They are loved by naturopaths and vegans, sought after by confectioners and chocolatiers, and now cognitive scientists might be hot on their trail – welcome to our episode for understanding almonds. Our guests this week are Associate Professor Alison Coates, lecturer in nutrition in School of Health Sciences and researcher in the Alliance for Research in Exercise, Nutrition and Activity (ARENA) in the Sansom Institute for Health Research at the University of South Australia, and her husband, Michael Coates, a PhD student at the University of South Australia (his PhD is focussed on understanding challenges associated with early harvest and managing moisture in almond stock piles).

This week, the SA Drink Of The Week is from Coates Wines.

Nigel will try to stump us in IS IT NEWS on the topic of almonds.

In 100 Weeks Ago we hear from Ben Heard, a clean energy advocate and proponent of nuclear engery.

And in the musical pilgrimage … Todd Fischer has a track called ‘Cognition’ by Attonbitus.

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Running Sheet: Understanding almonds

TIME SEGMENT
00:00:00 Outtake
 What does a gimp taste like? … Blossoming almond stories
00:00:29
Theme
Theme and Introduction. Our original theme song in full is here, Adelaidey-hoo.
00:02:39 SA Drink Of The Week
Coates Wines 2012 The Gimp Shiraz McLaren Vale … tasting notes
00:07:44 Stories Without Notice

Steve went to the Holden plant for a session run by the Small Business Commissioner, to encourage businesses to recruit workers who will be out of work on October 20. Steve was completely blown away by the efficiencies and the tiny absentee rates. Workers have already been absorbed into caravan manufacturing, aged care, new business start ups, etc. The Holden plant will be home to a new, hybrid power plant soon after October 20.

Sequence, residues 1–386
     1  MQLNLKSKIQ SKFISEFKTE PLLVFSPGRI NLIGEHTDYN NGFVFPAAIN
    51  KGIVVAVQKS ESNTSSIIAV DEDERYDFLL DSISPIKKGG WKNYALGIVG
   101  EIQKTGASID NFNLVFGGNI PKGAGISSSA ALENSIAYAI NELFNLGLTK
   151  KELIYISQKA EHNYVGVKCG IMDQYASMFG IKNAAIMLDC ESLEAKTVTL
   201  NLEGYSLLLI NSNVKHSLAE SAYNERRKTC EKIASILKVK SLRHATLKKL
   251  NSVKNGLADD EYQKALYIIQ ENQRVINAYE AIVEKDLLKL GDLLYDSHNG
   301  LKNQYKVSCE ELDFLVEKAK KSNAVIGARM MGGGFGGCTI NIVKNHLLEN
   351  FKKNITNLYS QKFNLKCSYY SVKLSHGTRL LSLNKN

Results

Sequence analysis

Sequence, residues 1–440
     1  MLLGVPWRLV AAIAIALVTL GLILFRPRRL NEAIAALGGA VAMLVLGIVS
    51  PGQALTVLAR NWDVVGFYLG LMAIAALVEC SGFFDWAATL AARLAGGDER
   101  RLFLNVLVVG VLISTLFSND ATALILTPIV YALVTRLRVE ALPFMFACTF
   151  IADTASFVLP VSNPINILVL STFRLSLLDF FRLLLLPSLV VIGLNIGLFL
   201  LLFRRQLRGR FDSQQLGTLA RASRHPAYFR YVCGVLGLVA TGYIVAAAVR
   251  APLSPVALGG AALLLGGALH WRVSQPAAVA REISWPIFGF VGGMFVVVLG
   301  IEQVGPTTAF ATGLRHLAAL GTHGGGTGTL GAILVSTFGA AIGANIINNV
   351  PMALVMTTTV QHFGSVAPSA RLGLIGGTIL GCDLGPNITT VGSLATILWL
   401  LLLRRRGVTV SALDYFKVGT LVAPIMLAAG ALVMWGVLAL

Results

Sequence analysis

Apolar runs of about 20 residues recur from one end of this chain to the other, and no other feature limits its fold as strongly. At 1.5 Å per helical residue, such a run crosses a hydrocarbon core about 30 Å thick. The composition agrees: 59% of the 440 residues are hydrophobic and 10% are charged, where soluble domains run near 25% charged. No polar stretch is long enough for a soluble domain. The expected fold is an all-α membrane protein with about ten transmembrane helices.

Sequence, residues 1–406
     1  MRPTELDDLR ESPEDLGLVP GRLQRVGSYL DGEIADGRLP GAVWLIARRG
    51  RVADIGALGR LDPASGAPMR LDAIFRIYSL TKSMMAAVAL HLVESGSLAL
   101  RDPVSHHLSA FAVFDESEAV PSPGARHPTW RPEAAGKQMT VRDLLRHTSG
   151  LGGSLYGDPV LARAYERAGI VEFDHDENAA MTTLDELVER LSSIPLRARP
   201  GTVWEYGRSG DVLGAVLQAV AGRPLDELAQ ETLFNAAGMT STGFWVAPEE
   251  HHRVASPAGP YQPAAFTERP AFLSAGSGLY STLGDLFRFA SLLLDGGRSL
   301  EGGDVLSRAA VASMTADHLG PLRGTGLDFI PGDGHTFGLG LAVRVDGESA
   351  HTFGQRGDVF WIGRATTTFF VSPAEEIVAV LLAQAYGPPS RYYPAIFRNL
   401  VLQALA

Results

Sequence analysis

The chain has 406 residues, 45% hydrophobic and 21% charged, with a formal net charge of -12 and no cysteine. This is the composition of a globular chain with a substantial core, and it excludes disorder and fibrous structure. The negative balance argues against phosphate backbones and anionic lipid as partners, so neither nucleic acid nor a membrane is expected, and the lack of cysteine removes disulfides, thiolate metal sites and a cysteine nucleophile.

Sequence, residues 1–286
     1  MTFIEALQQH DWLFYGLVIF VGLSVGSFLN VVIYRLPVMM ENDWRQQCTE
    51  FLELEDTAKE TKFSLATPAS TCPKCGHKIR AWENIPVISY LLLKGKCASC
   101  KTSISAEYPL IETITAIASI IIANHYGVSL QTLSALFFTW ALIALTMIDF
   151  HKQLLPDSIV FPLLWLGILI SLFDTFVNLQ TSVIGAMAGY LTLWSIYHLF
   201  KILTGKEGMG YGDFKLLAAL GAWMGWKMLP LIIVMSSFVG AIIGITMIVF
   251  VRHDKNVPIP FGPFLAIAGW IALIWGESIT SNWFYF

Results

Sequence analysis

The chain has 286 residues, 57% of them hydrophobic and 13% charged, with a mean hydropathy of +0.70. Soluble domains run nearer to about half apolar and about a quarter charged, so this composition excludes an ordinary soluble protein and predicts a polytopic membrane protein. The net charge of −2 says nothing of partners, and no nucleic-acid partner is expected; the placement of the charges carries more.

Steve also toured the new Royal Adelaide Hospital.

00:16:29 Alison Coates and Michael Coates

They are loved by naturopaths and vegans, sought after by confectioners and chocolatiers, and now cognitive scientists might be hot on their trail. I am talking about almonds and to crack open the shell and get to the kernels of truth and mystery awaiting us, we have Associate Professor Alison Coates, lecturer in nutrition in School of Health Sciences and researcher in the Alliance for Research in Exercise, Nutrition and Activity (ARENA) at the Sansom Institute for Health Research at the University of South Australia, and her husband, Michael Coates, a PhD student at the University of South Australia, whose his PhD is focussed on understanding challenges associated with early harvest and managing moisture in almond stock piles.